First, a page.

September 2, 1946– Billy Preston:
“Nothin’ from nothin’ leaves nothin‘.“
Billy Preston was said to have the wildest organ in showbiz. He was absolutely one of the greatest keyboard players in Pop Music history and probably also the best session player of the Rock era. Preston is one of several gifted humans sometimes referred to by fans and music historians as the “Fifth Beatle”.
At one point during the 1969 recording sessions for Get Back, John Lennon actually proposed the idea of having him as the official Fifth Beatle. At the time, poor Paul McCartney said: “It was bad enough with four Beatles“.
Preston first met The Beatles in 1962 when he was part of Little Richard‘s touring band. The Beatles’ manager, Brian Epstein, had organized a Liverpool show for Little Richard with The Beatles as the opening act.
They would meet again in 1969 when The Beatles were on the verge of breaking-up while recording what would be their last album to be released, Let It Be (they would later record Abbey Road, but it ended up being released before to Let It Be). After a dreadful fight, George Harrison quit the band and walked out of the studio. He took himself to a Ray Charles concert where Preston was in the band playing Hammond organ. The next day Harrison brought Preston back to Apple Studios, where his keen musicianship and gregarious personality calmed the tensions of the Fab Four and the recording of Let It Be continued.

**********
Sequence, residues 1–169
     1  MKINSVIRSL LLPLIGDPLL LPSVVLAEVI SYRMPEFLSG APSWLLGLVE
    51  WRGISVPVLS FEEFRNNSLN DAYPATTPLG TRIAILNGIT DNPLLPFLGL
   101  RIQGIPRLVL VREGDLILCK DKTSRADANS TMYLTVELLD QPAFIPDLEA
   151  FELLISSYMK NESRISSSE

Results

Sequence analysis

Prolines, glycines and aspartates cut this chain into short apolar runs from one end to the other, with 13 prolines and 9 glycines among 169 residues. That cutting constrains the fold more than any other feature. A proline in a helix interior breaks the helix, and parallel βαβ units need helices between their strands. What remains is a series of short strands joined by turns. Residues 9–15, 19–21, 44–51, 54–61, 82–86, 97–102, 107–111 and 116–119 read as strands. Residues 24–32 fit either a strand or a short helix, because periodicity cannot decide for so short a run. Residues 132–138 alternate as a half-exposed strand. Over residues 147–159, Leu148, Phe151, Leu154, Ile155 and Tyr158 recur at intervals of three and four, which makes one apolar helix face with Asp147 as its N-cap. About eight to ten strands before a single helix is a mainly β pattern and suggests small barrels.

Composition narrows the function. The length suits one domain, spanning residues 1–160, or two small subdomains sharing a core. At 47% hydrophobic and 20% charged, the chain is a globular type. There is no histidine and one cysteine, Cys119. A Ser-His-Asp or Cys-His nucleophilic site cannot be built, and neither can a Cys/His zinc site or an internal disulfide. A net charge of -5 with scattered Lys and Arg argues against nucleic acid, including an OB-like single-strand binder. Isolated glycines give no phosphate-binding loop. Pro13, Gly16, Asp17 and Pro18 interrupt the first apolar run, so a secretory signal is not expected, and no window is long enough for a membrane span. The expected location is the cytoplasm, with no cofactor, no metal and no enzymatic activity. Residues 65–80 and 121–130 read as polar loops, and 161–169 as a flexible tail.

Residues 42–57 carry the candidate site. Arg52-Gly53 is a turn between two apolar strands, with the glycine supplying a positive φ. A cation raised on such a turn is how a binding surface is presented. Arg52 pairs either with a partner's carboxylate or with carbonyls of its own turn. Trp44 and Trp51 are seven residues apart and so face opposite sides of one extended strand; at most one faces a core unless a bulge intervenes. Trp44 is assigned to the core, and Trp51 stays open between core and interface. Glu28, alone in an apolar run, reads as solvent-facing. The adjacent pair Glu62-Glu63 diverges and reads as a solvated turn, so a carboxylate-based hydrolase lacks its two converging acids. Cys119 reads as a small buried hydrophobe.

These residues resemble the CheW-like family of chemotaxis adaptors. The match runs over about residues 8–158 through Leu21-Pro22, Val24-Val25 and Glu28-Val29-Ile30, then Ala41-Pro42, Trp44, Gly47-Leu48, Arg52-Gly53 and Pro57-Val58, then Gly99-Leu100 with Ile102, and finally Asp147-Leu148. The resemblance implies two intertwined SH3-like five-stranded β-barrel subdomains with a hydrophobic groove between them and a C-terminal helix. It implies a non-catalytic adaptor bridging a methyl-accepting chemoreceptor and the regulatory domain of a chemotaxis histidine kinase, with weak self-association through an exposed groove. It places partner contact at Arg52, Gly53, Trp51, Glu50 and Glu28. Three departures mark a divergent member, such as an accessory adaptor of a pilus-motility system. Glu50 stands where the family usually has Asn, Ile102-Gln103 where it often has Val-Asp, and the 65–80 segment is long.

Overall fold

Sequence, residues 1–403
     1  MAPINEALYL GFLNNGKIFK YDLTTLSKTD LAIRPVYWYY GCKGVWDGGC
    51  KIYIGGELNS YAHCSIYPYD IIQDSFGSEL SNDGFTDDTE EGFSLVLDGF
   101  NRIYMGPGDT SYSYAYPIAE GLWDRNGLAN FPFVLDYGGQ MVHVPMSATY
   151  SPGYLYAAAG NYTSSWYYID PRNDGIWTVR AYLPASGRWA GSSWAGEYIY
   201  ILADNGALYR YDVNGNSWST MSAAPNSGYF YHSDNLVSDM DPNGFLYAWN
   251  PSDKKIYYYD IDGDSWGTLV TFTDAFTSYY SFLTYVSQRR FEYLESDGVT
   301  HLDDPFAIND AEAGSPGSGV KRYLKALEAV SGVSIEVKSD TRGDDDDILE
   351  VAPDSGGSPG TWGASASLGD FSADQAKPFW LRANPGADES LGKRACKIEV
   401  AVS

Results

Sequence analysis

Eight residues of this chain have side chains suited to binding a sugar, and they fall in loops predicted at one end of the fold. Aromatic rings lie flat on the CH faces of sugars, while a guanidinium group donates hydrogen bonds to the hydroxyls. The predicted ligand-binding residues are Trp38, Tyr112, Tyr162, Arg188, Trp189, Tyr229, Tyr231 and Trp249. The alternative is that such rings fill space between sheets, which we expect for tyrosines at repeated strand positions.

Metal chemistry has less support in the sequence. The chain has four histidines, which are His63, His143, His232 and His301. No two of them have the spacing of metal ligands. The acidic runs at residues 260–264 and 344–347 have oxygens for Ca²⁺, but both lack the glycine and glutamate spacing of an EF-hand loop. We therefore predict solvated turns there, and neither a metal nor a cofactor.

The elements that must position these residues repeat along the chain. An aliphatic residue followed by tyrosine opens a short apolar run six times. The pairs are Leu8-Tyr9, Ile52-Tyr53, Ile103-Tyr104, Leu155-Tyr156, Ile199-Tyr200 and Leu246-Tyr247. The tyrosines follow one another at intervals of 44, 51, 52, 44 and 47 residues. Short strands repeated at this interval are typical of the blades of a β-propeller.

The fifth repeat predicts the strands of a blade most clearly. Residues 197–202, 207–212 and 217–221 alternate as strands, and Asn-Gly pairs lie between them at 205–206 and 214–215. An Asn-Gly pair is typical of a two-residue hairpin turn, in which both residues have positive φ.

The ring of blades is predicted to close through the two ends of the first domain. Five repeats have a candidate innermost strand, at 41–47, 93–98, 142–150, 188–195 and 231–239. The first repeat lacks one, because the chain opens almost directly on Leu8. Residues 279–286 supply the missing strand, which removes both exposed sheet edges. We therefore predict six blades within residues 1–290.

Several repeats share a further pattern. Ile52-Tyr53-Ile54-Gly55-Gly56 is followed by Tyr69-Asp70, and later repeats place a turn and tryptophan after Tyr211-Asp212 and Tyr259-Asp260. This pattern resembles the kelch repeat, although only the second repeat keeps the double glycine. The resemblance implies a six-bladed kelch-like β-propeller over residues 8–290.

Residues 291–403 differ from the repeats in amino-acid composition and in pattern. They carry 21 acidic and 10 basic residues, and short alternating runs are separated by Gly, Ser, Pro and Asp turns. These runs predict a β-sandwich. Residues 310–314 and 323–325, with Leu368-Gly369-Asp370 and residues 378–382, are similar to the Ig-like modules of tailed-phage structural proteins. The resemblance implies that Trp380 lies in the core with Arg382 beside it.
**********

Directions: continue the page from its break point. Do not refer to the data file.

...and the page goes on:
Preston was signed to The Beatles’ Apple record label in 1969 and released the Gospel tinged album That’s The Way God Planned It. The title track, produced by Harrison, was released as a single. The pair had a strong relationship after The Beatles split. Preston was the first to record Harrison’s My Sweet Lord. It’s on his 1970 album Encouraging Words.
He played on every subsequent album recorded by Harrison. He also appeared at Harrison’s Concert for Bangladesh, the name given to two benefit concerts organized by Harrison and Indian sitar master Ravi Shankar. The concerts were held in the afternoon and evening of August 1, 1971, at Madison Square Garden. The shows brought international awareness and money for relief efforts for refugees from East Pakistan following the Bangladesh Liberation War-related genocide. The concerts were recorded as a bestselling live album, a boxed three-record set, and Apple Films’ concert documentary in 1972. The event was the first-ever benefit concert of such a magnitude and featured a supergroup that included Preston, Shankar, Harrison, Ringo Starr, Bob Dylan, Eric Clapton and Leon Russell.
He was born William Everett Preston in Houston, but he grew up in Los Angeles. Preston was a child prodigy on piano and organ. At just 10 years old, he was performing in the backup bands of Gospel singers Mahalia Jackson and Andraé Crouch.
When Preston was 12 years old, he began a second career as an actor. He appeared in the film St. Louis Blues (1958) playing composer W.C. Handy as a young man.
In the mid-1960s, Preston was also a regular on my much loved musical variety series Shindig! (1964-68) as a member of the show’s house band.